ELEMENTS MINERALS (PVT) LTD
TASHINGA MINING SYNDICATE
THE ACTING PROVINCIAL MINING DIRECTOR
MASH CENTRAL E.S MAKUMBE
HIGH COURT OF ZIMBABWE
HARARE, 19 March & 1 April 2015
Urgent Chamber Application
Z Kajokoto, for the applicant
P Kwenda, for the 1st to 7th respondents
H Magadure, for the 8th respondent
MANGOTA J: The applicant filed an urgent chamber application moving the court to interdict the respondents from:
- visiting its mining operations at Joking 37, Shamva;
- interfering with its operations – and
- harassing its employees.
The respondents opposed the application. The first to the seventh respondents took the
matter further. They filed an urgent chamber counter-application. They prayed that the applicant be stopped from mining gold at, and be evicted from, their registered claims known as Joking situated in Tafuna Hills approximately 4.5km South East of Tafuna Trigonometrical Beacon in Shamva. They moved the court to authorise the officer-in-charge CID Minerals Unit, Bindura and the officer-in-charge, Shamva Police station to enforce the order which the court would have granted to them.
The applicant filed its answering affidavit to the respondents’ opposing papers as well as its notice of opposition to the urgent chamber counter-application. As no relief was being sought against the eighth respondent in the urgent chamber counter-application, the latter did not file any papers in respect of that aspect of the case.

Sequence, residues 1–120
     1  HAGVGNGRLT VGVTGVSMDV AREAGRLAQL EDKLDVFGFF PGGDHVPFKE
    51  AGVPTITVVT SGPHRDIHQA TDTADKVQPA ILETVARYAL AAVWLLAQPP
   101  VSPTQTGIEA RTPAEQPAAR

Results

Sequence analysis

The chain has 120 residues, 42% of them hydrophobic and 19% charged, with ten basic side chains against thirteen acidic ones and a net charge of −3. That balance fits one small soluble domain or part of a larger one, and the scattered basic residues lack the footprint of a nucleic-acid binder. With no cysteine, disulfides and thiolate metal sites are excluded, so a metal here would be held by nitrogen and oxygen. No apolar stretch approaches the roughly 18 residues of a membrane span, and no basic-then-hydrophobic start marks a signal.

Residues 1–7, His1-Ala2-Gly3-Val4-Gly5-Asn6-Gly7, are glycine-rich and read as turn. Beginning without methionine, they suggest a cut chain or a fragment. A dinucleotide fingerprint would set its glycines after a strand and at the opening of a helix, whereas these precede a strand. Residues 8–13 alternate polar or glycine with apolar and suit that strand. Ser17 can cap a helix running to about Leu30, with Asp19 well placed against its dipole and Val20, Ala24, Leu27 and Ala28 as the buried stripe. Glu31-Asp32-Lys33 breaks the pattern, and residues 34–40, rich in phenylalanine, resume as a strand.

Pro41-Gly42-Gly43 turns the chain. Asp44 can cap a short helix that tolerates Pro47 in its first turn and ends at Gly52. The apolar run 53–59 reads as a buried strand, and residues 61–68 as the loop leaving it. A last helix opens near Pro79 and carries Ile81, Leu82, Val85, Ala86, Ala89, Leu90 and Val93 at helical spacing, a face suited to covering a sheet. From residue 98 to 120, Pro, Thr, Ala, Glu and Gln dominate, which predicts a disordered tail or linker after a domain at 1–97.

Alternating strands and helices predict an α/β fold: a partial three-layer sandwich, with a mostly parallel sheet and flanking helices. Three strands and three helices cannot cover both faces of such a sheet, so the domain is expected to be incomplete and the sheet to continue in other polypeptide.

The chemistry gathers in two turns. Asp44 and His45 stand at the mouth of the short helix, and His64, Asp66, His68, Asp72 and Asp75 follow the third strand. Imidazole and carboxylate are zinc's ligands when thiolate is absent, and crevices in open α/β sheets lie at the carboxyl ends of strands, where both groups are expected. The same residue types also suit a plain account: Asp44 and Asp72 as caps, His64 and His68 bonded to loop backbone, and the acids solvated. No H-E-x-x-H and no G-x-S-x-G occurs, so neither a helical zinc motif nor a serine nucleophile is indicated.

Because the applications were filed at about one and the same time, the court considered them as a single matter. It did so in terms of Order 13 r 85 of its rules which states that:
“… two or more persons may be joined together in one action as plaintiffs or defendants whether in convention or in reconvention where -
- if separate actions were brought by or against each of them, as the case may be, some common question of law or fact would arise in all the actions; and
- all rights of relief claimed in the action, whether they are joint, several or alternative, are in respect of or arise out of the same transaction or series of transactions” (emphasis added).
On an analysis of the parties’ submissions, the court was satisfied that some common
question of law and/or fact existed in the application(s) and that rights of relief claimed in the application(s) were in respect of, or arose out of, a series of transactions.
In the urgent chamber counter-application, the applicant was cited as the first respondent and the eighth respondent in the main application was cited as the second respondent. However, for purposes of clarity, convenience and consistency the parties remained as they were cited in the main application.
Each party stressed the urgency of its, or their, matter and the irreparable harm which it or they, said it, or they, would endure if its, or their, application was not granted. The applicant stated that the eighth respondent made frantic efforts to visit its mining operations and declare a dispute between the parties with a view to stopping its operations for an indefinite period of time. It claimed that the declaration would spell doom for it as production would cease and water levels would increase damaging its machinery. It estimated its loss to have been in the region of $500 000 within only three days of its stoppage of work.